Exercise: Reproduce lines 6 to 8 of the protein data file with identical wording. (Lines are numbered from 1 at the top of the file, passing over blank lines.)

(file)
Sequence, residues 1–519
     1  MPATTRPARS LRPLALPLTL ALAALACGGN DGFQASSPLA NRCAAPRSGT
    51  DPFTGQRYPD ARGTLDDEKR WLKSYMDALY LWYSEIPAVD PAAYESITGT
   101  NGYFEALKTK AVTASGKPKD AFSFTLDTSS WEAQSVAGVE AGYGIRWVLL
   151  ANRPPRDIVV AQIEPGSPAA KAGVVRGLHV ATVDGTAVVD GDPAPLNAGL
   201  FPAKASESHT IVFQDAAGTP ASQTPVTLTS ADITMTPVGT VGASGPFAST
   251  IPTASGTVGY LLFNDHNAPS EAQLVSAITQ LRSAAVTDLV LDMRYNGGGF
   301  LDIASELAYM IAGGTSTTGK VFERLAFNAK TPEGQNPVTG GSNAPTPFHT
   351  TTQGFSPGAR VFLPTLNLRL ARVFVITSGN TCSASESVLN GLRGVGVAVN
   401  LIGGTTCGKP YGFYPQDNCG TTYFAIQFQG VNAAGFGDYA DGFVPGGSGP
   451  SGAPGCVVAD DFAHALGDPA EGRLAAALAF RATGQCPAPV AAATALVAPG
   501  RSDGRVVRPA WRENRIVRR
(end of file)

   201  FPAKASESHT IVFQDAAGTP ASQTPVTLTS ADITMTPVGT VGASGPFAST
   251  IPTASGTVGY LLFNDHNAPS EAQLVSAITQ LRSAAVTDLV LDMRYNGGGF
   301  LDIASELAYM IAGGTSTTGK VFERLAFNAK TPEGQNPVTG GSNAPTPFHT